To read the full article with images, visit Partners In Health's website

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Brewing the "Millennium Challenge Macchiato"

Below is a Guest Post by Jonathan Bloom from the Millennium Challenge Corporation (MCC). On April 29th, MCC awarded GMCR with its 2013 Corporate Award. 

"At the Millennium Challenge Corporation (MCC), we work with partners across the world. By the time I arrive at the office, there are often emails from Asia, Africa, Europe, and Latin America that need a quick response.

That’s why the coffee pot is my first stop each morning. And that’s why a coffee addict like me was thrilled to hear that we are honoring Green Mountain Coffee Roasters, Inc. (GMCR) with our Corporate Award for its sustainability work to improve the lives of the world’s vulnerable populations.

The award got me thinking on a recipe for a great new drink using the products of both Green Mountain Coffee and MCC’s beneficiaries from across the world. So prepare to treat your taste buds with the Millennium Challenge Macchiato.

Millennium Challenge Macchiato

1)      Start with Green Mountain's Sumatran Lake Tawar whole-bean coffee from Indonesia and grind as fine as possible. As you brew the perfect shot of espresso, take delight in knowing that one of the suppliers of this dark roast, the Gayo Organic Farmers Association, has started a project to bring safe drinking water to more than 1,500 people. The cooperative has also saved funds to help farmers with the reconstruction of their homes, many of which were destroyed in recent fighting, and to aid in the construction of two new schools.

2)      Steam milk sold by dairy farmers in El Salvador’s Northern Zone. As the steam rises, take a moment to read how many dairy farmers are now enjoying a higher income because MCC helped about 17,500 people by providing training, seeds, equipment, and technical assistance. The agency also built or rehabilitated more than 220 kilometers of road and 23 bridges as part of a five-year, $461 million compact.

3)      Pour the milk into the espresso and top with foam.

4)      Sprinkle a bit of cinnamon from the legendary spice island of Zanzibar on top to give it a pleasing kick. As you enjoy that first sip, read a bit about how MCC is strengthening the island’s electrical grid with the aim of increasing investment and reducing poverty.  Or if you have a sweet tooth, add a bit of cocoa from Ghanaian farmers who are more effectively receiving payment on their harvest, thanks to the computerization of rural banks as part of MCC’s five-year, $547 million compact."

Jonathan Bloom is the acting vice president for compact operations at the Millennium Challenge Corporation. On April 29, GMCR CEO Brian Kelley accepted the Millennium Challenge Corporation’s Corporate Award—recognition for the work that GMCR does to create a sustainable future for its farmer partners.

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The Cafe Goes to The Specialty Coffee Association of America

Tom Berry learning to cup!
Thomas Amelott cupping at the Guatemala country booth!

By Kiley - our famous latte arist at the Visitors Center!

The Special Coffee Association of America threw a fantastic gathering and exposition this year – and Green Mountain Coffee Roasters, Inc. (GMCR) was the sponsor! Our little Café was lucky to be able to have five of our employees go to bring experiences and stories home in addition to the over 200 GMCR team members that made the journey to the exposition.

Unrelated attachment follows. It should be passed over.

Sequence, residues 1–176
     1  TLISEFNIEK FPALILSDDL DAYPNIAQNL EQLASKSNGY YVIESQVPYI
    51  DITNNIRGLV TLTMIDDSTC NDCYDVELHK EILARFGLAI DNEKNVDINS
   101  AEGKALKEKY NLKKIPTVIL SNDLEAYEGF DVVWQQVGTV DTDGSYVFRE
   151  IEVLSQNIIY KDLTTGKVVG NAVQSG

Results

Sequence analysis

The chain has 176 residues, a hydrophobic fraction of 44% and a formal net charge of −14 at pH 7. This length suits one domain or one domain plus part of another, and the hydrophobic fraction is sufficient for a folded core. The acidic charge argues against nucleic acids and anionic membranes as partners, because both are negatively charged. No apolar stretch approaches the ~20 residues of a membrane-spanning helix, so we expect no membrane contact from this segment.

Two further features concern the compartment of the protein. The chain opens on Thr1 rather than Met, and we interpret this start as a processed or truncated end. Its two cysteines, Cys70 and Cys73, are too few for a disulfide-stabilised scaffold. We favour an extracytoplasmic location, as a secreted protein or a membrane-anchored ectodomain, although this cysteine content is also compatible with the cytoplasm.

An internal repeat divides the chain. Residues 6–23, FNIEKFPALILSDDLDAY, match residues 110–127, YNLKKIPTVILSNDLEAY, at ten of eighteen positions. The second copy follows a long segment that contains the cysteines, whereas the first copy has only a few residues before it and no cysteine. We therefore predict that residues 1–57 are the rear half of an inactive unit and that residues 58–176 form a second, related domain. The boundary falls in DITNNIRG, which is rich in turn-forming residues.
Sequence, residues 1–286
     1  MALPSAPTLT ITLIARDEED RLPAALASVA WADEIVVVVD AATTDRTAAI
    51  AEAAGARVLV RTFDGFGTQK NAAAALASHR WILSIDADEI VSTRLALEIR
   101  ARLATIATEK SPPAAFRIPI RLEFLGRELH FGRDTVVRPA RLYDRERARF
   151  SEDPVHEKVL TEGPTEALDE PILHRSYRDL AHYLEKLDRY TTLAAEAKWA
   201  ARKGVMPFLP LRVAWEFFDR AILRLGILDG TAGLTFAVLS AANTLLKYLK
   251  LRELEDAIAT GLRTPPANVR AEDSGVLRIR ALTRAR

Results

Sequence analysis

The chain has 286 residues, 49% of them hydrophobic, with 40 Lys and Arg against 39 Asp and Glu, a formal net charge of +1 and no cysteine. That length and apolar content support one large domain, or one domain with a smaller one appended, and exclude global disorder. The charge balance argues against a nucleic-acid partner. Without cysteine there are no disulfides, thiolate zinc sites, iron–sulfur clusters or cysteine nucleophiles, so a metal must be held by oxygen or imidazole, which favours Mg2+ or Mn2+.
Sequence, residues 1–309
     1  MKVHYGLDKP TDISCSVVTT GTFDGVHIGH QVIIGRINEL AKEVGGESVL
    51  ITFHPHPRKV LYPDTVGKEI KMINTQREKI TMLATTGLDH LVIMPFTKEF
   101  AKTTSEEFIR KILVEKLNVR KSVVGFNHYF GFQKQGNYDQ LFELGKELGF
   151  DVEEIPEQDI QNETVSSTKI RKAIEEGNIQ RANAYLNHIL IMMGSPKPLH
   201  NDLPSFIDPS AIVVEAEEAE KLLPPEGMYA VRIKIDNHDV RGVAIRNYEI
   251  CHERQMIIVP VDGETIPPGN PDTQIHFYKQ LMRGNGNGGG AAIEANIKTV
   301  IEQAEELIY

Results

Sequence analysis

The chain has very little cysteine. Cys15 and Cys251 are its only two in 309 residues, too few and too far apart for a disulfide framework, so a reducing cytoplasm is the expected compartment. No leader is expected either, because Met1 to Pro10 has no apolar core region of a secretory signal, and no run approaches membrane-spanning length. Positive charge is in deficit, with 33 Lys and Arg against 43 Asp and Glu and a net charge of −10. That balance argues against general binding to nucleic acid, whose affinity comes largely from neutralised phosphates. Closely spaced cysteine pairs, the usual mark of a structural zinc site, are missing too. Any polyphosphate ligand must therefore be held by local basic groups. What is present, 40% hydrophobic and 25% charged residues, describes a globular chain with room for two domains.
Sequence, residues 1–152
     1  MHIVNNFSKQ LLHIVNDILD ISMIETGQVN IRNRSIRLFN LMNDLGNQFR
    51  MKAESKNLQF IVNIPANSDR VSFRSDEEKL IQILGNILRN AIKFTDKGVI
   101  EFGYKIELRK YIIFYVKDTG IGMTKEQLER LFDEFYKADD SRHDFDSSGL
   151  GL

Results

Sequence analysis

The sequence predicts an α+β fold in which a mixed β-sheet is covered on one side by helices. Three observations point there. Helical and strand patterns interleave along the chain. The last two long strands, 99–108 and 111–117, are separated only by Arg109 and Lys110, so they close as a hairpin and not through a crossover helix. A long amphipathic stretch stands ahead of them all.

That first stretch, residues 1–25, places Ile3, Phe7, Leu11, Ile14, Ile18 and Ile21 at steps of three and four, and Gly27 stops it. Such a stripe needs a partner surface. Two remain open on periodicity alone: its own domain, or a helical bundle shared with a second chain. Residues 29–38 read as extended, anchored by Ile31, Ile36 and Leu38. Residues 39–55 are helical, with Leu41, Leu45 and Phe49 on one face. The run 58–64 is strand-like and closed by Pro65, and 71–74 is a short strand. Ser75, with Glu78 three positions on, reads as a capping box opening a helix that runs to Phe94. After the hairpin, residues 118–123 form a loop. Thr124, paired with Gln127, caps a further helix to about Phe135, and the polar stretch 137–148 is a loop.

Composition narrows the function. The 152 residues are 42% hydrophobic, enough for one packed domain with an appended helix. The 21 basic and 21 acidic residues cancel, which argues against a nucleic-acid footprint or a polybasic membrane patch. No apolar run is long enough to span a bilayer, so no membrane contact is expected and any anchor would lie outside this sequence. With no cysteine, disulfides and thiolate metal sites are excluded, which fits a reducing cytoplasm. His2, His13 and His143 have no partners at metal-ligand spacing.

The educational lectures brought up points concerning every angle of the coffee business and family from roasting and the science behind it to customer service to the new generation of social media. Our speakers were experienced and deeply involved and embedded in their specific specialties. We were able to see the reach of the business and family. It was incredible!

The people we were able to meet were amazing too. I met people from Kenya, Guatemala, El Salvador, Italy, Mexico, Canada, Colombia, Ethiopia and, of course, from all across the United States. It was quite the experience to meet our large and expansive coffee family. 

We also had the chance to watch the Barista Competitions and the skills shown there were phenomenal. Not only were they producing beautiful latte art but listening to them explain their coffee roasts and blends really brought you into their cup of coffee. The passion seen there was inspiring.

Even working the GMCR booth was fantastic. So many people came up to our booth and so many walked away with a smile. The interest in our coffee left our team with a good feeling too. Having the opportunity to meet and talk with our suppliers, producers, and happy customers really enforced the strong feeling of family and the relationships we so cherish. 

This year has left us with so many memories, new found skills, and inspiration. I hope we will have the chance to meet back up with our Coffee Family and friends again next year!  Back to our Café and Visitor Center we go.  

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20,000 Coffee Farming Families Receive Food Security Support

 

Coffee Farming Family

We often talk about our financial support of projects within our coffee growing communities. Those communities are just one of the communities throughout our supply chain. Our other supply chains include apple growing communities and manufacturing communities to name just a few. We are working to build a Resilient Supply Chain - helping the producers and manufacturers in our supply chain, as well as their employees and wider communities, to adapt to the many challenges they face and to prosper over the short term and the long term.